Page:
Britain

Sinn Féin President Gerry Adams commenting on the death today of former British Prime Minister Margaret Thatcher.

Comedian and socialist Mark Steel addressed a protest against cuts and privitisation at Sussex University on February 12. Students at Sussex University have been occupying the university's conference centre since February 6 against the university's outsourcing of key services.

The British government's controversial back-to-work programmes lay in tatters after the Court of Appeal ruled their regulations unlawful on February 12. Three judges unanimously ruled that the regulations which most of the schemes have been created must be quashed. The ruling is a huge setback for the Department for Work and Pensions (DWP) whose flagship reforms have been beset with problems from the beginning, with campaigners and unions accusing ministers of effectively introducing forced labour.
Britain is a signatory to the 1951 United Nations Convention Relating to the Status of Refugees. But despite its international legal obligations as signatory to this and other human rights conventions, the reception granted to those knocking on Britain’s door in hope of protection is far from welcoming or humane. In fact, Britain appears to be doing everything in its power to keep its doors tightly closed to those often referred to as “scroungers,” “terrorists,” “economic migrants,” or other “bogus” refugees hiding behind a smokescreen of asylum ― adding deadbolts by the day.
In Peter Watkins' remarkable BBC film, The War Game, which foresaw the aftermath of an attack on London with a one-megaton nuclear bomb, the narrator says: “On almost the entire subject of thermo-clear weapons, there is now practically total silence in the press, official publications and on TV. Is there hope to be found in this silence?” The truth of this statement was equal to its irony. On November 24, 1965, the BBC banned The War Game as “too horrifying for the medium of broadcasting”.
Chavs: The Demonization of the Working Class By Owen Jones Verso updated 2012 300 pages, $15:00 “It's not the existence of classes that threatens the unity of the nation, but the existence of class feeling,” an official British Conservative Party document stated in 1976. Indeed, abolishing classes was the last thing on the mind of the Tories' new leader at the time, Margaret Thatcher. She merely wanted people to forget which class they belonged to, says Owen Jones in Chavs.
About 200,000 people marched in London, Glasgow and Belfast on October 20 against the austerity programs of British Prime Minister David Cameron's government. The trade unions that called the actions put the numbers of participants at: London 150,000, Glasgow 10,000 and Belfast 10,000. Marchers were of all ages and backgrounds — trade union members, students, families affected by cuts to health and social services and women's rights advocates, among others.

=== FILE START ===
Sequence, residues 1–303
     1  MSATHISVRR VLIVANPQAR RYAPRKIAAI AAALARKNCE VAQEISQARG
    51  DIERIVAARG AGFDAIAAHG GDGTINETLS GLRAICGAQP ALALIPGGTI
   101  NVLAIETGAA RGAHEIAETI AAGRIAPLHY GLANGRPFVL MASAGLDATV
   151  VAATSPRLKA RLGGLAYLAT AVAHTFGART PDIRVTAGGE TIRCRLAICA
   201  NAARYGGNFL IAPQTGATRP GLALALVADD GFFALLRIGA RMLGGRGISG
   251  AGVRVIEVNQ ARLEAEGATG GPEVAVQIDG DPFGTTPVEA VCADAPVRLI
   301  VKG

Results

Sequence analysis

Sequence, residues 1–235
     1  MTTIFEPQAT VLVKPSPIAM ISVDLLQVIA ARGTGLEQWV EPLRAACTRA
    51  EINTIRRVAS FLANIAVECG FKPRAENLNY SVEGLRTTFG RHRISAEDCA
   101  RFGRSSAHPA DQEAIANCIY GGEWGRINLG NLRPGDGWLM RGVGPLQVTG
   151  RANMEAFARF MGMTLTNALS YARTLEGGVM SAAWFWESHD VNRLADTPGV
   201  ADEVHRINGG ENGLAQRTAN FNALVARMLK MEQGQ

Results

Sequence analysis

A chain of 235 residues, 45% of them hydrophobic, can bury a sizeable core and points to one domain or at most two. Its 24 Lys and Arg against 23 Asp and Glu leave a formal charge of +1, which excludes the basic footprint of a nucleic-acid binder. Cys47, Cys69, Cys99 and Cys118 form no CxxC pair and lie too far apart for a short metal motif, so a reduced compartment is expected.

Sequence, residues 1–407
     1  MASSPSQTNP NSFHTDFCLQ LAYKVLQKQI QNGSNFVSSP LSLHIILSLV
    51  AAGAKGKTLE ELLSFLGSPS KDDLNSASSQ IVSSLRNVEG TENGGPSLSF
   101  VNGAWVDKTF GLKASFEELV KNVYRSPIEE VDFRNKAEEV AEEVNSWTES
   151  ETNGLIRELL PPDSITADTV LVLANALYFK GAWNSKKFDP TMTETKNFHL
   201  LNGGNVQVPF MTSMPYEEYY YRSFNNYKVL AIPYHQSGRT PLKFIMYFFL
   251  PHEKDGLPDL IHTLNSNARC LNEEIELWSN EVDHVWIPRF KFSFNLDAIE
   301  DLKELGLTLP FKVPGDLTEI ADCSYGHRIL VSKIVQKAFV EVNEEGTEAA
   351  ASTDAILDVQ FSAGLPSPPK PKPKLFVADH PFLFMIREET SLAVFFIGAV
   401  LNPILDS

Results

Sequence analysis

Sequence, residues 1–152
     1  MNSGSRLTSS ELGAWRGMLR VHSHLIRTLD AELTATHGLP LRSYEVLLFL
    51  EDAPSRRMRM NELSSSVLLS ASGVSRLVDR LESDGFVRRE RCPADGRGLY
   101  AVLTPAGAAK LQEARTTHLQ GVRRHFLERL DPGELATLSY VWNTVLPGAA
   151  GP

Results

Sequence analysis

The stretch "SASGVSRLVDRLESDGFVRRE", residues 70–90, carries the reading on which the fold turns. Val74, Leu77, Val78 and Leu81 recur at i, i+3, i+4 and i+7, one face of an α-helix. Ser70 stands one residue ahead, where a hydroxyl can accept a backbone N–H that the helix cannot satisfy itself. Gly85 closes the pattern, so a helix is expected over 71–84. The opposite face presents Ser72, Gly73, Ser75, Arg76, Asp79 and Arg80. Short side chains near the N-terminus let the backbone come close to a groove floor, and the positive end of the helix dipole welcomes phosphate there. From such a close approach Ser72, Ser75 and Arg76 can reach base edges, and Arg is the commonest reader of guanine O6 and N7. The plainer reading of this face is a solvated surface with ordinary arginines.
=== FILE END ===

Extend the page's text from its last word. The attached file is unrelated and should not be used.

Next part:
Women and girls are among the hardest hit by the anti-working-class policies of Britain’s Conservative-Liberal Democrat coalition government. A report published in The Guardian earlier this year showed that rising taxes and cuts to social spending have hit women three times as hard as men. Women aged 50-64 have been hit hardest by rising unemployment since the coalition came to power. It is up 31% compared to an overall rise of 4.2% in the country (to 2.6 million people).
Dial M for Murdoch: News Corporation & the Corruption of Britain Tom Watson & Martin Hickman Penguin Books 2012, 360 pages, £20.00 This book provides much needed background information to the Levenson inquiry, which investigated the phone hacking scandal of Rupert Murdoch-owned newspapers and its cast of characters.
Twenty-three years too late, the real truth is finally being told about the Hillsborough disaster of April 15, 1989, which killed 96 football fans and injured hundreds more. A new 354-page report, released by the Hillsborough Independent Panel after accessing more than 400,000 pages of secret documents, has implicated the police, media and British government in what has been described as “the biggest cover-up of British legal history”.
Pressure is mounting for police officers involved in the Hillsborough disaster to face prosecution. In 1989, 96 football fans were killed in a human crush in a game between Liverpool and Nottingham Forest at Hillsborough Stadium in Sheffield. The calls for prosecution follow the publication of a damning report by the Hillsborough Independent Panel that exposed the extent of the cover-up by South Yorkshire Police, which attempted to shift the blame onto the 96 innocent victims.
With weary familiarity, Britain’s government deficit — the gap between what it spends, and what it receives from taxes — has been revealed as far worse than anticipated. Last month, the government borrowed £557 million ($846 million). In July last year, it saved £2.5 billion — spending less than it received in taxes. For the financial year since April, its total deficit has risen to £44 bllion, £11.6 billion higher than the same period last year.